Achieving Equity through Arts Education Policy
Tuesday, February 24, 2:00pm EST / 11:00am PST [PASSED]
Moderated by Janet Brown, President & CEO, Grantmakers in the Arts. Presented by Alex Nock, Executive Vice President, Penn Hill Group
Session 1 of the 2015 Web Conference Series
Web conferences are free to the staff and board of GIA member organizations. The fee for nonmembers is $35.
A recording of this presentation is available here.
Low income students and students of color continue to lack access to everyday instruction in the arts while in school. This systemic denial of the arts and instruction through the arts translates into children who are ill-prepared for advanced study in high school and are behind in the skills they need to be successful in the workforce and college. Grantmakers in the Arts, through the Arts Education Funders Coalition, has been working with Congress and the Obama Administration on a variety of priorities to bring attention to denial of arts for disadvantaged children through its advocacy work in Federal education law. This session will break down how this work on some of the largest Federal investments in K12 and preschool will drive better equity in arts education for low income students and students of color.
Alex Nock is executive vice president at Penn Hill Group. During his seventeen years in Washington, DC, he has been a part of every major piece of federal education and disability policy legislation. Prior to his position with Penn Hill Group, from 2007-10, Nock served as the Democratic deputy staff director for the U.S. House Committee on Education and Labor. He has led numerous reauthorizations while working on Capitol Hill, including the Individuals with Disabilities Education Act, the Workforce Investment Act, the Higher Education Act, and the Head Start Act. He was one of the lead staff members responsible for the No Child Left Behind Act. Nock has also played key roles in the Student Aid and Fiscal Responsibility Act, the Patient Protection and Affordable Care Act, and the Edward M. Kennedy Serve America Act.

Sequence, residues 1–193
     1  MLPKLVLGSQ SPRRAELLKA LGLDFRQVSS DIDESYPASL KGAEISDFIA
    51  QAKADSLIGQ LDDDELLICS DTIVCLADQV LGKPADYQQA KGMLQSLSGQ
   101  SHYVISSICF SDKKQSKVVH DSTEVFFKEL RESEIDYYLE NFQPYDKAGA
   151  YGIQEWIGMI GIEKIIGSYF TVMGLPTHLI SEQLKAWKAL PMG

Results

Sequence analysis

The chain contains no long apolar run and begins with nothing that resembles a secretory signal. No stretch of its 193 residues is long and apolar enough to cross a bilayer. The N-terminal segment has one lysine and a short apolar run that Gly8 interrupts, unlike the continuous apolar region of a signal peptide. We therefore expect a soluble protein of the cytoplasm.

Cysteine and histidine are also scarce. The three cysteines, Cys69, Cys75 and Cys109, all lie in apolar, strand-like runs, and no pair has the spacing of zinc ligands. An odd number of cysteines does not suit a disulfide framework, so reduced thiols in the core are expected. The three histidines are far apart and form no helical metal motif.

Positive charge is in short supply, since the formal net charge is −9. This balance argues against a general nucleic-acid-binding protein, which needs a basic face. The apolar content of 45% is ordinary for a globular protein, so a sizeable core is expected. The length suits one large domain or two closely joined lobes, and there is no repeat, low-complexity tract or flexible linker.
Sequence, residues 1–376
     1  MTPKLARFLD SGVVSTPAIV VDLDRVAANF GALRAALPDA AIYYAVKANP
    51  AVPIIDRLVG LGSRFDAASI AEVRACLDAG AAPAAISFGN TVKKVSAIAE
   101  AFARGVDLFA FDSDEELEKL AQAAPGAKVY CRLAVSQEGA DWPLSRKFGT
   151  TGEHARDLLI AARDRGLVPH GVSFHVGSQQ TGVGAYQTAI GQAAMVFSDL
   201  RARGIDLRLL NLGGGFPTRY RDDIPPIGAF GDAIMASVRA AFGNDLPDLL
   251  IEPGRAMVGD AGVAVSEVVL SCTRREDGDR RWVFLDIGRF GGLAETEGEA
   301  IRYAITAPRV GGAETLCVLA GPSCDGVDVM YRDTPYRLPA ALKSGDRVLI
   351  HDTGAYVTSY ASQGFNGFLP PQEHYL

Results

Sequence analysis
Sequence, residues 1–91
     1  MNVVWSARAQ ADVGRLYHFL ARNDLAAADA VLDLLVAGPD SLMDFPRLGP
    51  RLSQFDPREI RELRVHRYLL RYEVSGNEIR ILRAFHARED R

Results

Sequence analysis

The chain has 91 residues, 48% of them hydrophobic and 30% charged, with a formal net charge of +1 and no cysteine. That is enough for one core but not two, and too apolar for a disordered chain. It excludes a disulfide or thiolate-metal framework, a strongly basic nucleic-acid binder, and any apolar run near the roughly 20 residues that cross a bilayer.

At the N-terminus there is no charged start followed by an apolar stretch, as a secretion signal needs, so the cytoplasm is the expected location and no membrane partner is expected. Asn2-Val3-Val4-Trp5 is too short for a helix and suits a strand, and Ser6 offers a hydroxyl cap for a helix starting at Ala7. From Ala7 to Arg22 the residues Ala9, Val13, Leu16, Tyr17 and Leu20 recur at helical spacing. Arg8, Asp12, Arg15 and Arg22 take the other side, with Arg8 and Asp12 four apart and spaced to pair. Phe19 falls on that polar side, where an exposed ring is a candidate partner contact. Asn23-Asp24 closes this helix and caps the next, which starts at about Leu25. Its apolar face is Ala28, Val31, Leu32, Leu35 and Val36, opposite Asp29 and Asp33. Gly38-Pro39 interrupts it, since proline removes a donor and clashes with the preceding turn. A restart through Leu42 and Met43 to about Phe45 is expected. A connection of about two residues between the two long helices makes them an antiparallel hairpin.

Nock previously served as the director of the Commission on No Child Left Behind, a bipartisan, independent effort to improve the No Child Left Behind Act. Prior to the commission, he developed education and social policy on Capitol Hill. He held several positions, including education coordinator for the US House Committee on Education and the Workforce, where he spearheaded all Democratic policy and politics on higher education, elementary and secondary education, workforce and job training, disability policy and other social service issues. Nock also worked for Rep. Matthew G. Martinez (D-CA), the Human Resources Subcommittee, the US House Committee on Education and Labor, and Rep. Steny H. Hoyer (D-MD).